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Surface Tension

Jennifer Bowes, Denise Hawrysio... Surface Tension

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Jennifer Bowes, Denise Hawrysio, Jessica Jackson Hutchins, Niall McClelland & Joyce Wieland

Malaspina Printmakers is pleased to present Surface Tension, an exhibition of works generated through indexical printing methods. The works included in the exhibition demonstrate a formal economy of process and form; whether labour intensive or deliberately performative to the extent of seeming immediate.

Each artist in the exhibition manipulates or alters the surface of various objects and materials through subtle gestures and actions. These marked and altered surfaces are used as a matrix for making the printed image. The prints remain as traces of an interaction with a material surface; marks recorded through evocative acts ranging from violence, to tenderness and devotion.

As images that make us acutely aware of the process of their making, the formal qualities and structure of the prints are inherently tied to the material from which the print is generated. The resulting image is more than just a culmination of marks; instead it carries with it the qualities and attitudes with which the materials were altered.

Jennifer Bowes (British Columbia) makes collograph plates that are constructed by repetitively winding and tying small units of materials until they form a densely woven surface from which she is able to print a near-photographic impression of the textured mass of material.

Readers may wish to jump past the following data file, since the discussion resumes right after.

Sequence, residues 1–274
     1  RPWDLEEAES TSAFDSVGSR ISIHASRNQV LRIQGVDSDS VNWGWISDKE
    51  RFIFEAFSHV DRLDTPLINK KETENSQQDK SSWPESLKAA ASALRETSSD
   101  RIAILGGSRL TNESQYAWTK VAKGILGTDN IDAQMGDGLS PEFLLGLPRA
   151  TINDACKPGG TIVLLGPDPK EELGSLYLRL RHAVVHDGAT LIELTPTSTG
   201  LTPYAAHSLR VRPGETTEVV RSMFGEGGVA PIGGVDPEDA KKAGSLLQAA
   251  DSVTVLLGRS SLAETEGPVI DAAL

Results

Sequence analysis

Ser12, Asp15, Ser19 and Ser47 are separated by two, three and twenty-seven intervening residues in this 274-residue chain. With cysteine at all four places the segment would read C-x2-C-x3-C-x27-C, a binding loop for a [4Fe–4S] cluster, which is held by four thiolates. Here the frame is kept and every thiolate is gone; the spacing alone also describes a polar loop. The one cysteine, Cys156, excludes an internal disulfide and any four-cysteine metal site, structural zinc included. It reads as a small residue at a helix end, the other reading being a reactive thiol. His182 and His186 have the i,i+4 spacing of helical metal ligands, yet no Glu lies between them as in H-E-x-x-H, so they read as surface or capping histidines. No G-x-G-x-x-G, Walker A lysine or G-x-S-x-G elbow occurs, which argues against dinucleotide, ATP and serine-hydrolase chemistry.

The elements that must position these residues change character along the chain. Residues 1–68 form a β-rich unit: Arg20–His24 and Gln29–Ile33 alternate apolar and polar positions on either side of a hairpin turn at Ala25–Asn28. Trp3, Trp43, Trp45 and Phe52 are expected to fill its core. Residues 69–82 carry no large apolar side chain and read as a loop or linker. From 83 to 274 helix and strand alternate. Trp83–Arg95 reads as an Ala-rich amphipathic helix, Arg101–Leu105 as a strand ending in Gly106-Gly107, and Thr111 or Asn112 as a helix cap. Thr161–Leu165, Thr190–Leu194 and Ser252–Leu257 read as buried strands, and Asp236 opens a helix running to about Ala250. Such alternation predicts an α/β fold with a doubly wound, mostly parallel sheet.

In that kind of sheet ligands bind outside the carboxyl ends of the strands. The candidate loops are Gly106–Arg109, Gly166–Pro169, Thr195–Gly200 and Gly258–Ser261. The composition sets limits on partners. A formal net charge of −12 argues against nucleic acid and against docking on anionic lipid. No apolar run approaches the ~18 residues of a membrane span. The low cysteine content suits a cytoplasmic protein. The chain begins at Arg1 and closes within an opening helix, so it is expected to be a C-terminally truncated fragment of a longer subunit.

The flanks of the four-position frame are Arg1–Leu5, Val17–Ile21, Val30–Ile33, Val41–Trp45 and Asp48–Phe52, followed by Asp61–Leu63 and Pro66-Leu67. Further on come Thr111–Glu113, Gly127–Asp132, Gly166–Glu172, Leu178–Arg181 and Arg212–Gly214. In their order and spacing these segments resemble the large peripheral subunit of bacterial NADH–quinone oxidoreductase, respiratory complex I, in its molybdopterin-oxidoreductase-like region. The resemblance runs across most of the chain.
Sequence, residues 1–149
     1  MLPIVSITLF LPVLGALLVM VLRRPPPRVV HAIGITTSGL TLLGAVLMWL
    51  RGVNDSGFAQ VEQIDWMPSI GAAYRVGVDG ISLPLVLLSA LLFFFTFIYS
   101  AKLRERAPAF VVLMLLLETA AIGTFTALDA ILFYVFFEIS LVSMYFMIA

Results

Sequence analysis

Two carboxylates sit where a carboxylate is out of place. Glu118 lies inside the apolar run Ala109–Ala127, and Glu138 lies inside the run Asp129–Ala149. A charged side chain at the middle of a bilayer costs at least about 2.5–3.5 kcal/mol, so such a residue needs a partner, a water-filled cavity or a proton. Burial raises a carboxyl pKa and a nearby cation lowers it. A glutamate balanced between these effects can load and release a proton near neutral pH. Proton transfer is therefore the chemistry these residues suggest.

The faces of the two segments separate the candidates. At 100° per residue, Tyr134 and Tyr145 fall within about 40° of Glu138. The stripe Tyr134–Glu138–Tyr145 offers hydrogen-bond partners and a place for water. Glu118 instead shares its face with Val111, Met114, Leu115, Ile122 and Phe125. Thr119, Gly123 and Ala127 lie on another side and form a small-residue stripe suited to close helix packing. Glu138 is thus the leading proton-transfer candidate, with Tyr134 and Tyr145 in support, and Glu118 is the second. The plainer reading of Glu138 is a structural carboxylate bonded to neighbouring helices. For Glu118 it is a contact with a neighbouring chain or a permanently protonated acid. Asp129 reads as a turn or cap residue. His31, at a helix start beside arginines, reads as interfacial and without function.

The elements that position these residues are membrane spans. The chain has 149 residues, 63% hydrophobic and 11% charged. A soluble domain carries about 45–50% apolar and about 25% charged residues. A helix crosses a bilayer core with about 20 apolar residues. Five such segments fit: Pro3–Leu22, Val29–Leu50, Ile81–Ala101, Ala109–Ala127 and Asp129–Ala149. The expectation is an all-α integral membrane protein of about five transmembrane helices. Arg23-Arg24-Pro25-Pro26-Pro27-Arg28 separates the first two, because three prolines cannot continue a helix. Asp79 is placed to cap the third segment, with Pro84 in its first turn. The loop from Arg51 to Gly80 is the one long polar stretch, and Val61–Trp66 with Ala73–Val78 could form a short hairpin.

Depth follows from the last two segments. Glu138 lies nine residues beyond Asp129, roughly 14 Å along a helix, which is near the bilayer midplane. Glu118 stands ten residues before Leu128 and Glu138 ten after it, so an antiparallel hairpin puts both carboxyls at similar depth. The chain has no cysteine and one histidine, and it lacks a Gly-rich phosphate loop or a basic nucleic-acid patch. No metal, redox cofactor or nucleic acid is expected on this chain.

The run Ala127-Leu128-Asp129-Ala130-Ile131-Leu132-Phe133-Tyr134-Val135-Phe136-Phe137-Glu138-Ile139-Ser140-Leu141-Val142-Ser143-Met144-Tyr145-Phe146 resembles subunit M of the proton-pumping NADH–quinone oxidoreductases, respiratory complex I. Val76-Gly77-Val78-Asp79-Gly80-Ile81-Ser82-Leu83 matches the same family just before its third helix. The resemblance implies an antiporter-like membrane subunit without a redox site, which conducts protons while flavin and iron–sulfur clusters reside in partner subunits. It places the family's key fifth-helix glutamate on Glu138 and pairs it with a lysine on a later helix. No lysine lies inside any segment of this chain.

Denise Hawrysio (London, U.K.) uses intaglio plates to record the markings of processes and the traces of being in and moving through the world. In addition to printing her plates she reconstructs the sculpture used to generate the print after the plates have been printed.

Jessica Jackson Hutchins (Portland) was recently featured in the 2010 Whitney Biennial. She presents a new print of the surface of a dining table marked and used as an element in one of her sculptures.

Niall McClelland (Toronto) creates large-scale abstract prints that employ architectural or found objects as stencils.

Joyce Wieland (Toronto) created her seminal print “Oh Canada” by pressing her lipstick-coated lips onto a lithography stone while singing the national anthem.